Skip to main content

Here's a line from the Ontario election: "Ontarians are tired of seeing their hard-earned tax dollars wasted on unnecessary government spending without any oversight or accountability."

Sounds like something red-meat Progressive Conservative Leader Tim Hudak would say, right? Instead, the platitude came from the lips of New Democratic Leader Andrea Horwath in announcing one of the stupidest promises yet in a campaign littered with them, from all parties.

Ms. Horwath proposes that if elected premier – which won't happen, of course – she would appoint a Minister Responsible for Savings and Accountability, whose job would be to find savings of 0.5 per cent annually.

That would be $600-million each year that this minister would find by means yet unknown, and in which departments no one knows. It's one of many dumb populist pitches that forms the basis of an NDP platform that reflects a party almost completely bereft of a vision for Ontario.

The NDP platform and Ms. Horwath's speeches are big on cutting the salaries of high-end public-sector executives, shrinking the roster of cabinet ministers and, that old chestnut, "reducing duplication in government agencies."

This is conservative talk, the notion that government is bloated, run by fat-cat civil servants. If people believe this, no one will vote NDP to solve it. And even if a party did what Ms. Horwath proposes, it would be shaving the top off an iceberg, so paltry would be the savings.

The New Democrats are waving a magic wand in front of Ontarians, as in promising to cut emergency department wait times in half. They (and the PCs) propose to scrap Local Health Integration Networks, but these actually need to be given more power and authority over budgets – as in every other province – not be eliminated.

The NDP's main pitch seems to be "affordability," of the kind the party made in 2011 to cut the HST on gasoline prices, although the promise no longer appears in the formal platform.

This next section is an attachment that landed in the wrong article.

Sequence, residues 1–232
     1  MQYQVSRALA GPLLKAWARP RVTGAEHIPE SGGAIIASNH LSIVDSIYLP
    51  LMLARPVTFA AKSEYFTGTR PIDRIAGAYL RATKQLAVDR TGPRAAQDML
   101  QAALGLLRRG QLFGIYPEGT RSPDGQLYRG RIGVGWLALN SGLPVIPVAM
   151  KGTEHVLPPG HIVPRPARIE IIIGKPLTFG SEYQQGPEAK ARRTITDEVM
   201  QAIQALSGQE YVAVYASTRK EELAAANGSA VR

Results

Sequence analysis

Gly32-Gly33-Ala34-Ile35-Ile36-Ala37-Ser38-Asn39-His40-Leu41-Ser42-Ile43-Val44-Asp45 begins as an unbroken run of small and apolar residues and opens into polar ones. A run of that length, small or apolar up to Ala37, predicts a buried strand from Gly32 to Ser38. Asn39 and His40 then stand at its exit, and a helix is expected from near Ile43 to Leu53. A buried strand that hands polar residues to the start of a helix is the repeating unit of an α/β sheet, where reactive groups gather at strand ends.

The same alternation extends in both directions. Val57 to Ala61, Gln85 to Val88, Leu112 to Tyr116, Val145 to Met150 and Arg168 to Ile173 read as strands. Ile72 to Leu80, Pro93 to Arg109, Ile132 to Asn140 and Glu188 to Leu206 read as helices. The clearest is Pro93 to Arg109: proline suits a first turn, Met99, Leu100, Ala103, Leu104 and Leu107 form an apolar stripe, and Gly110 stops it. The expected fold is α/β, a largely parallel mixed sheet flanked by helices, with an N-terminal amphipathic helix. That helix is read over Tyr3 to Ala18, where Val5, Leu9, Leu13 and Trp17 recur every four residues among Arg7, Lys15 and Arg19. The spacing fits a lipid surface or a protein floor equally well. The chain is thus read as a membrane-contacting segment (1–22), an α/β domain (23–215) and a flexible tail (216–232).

Then there are other nickel-and-dime measures, such as removing the HST from heating oil and taking the HST off hydro, measures to be paid for by the NDP's only serious revenue-raising measure: raising corporate taxes, another old party standby.

How raising these taxes will contribute to more jobs, more research and development and more incentive to invest in Ontario is among life's mysteries. It is true that corporate tax rates are only one factor among many influencing corporate decisions. But at the margin of decision-making, raising these taxes will deter rather than encourage more growth – in a province that faces a long-term challenge of slower growth.

Other NDP revenue-raising measures border on make-believe, as in "cut waste with an expenditure management review." What was Don Drummond's massive report into Ontario's spending about if not this? All the NDP has to do is read it and choose from among his options. And here's another tried-and-true beauty of a promise: "Cut consultants by half."

Apart from the generalized bankruptcy of the NDP's platform, what is striking about the party's approach is the strange mixture of traditional nostrums with conservative populism.

Here is a province that, like the whole country, has a poverty challenge, something that used to be a staple of New Democratic discourse. Yet the provincial NDP all but ignores this challenge. It won't touch income inequality, or have much to offer about trying to lift up the disadvantaged. Instead, it frets about gas prices and home heating oil and hydro rates for everyone, presumably because, like the other parties, it is now fixated on the ill-defined "middle class."

What is the NDP for if not to use government to achieve social purposes, rather than chatter on about "waste" and "duplication" and big public-sector salaries and fat-cat consultants? These are tired staples of anti-government rhetoric destined to turn voters against the idea that government is a responsible custodian of taxpayers' dollars. No wonder dissident NDPers have gone public with their dismay at the party's platform.

Ontario's bad fiscal circumstances – a $12.5-billion deficit – work against activist government. Nobody should want money splashed around indiscriminately, which is what Liberals do, but if Ontarians really dislike government, believing it to be the place where taxpayers' dollars go to die, they will vote Conservative, not NDP.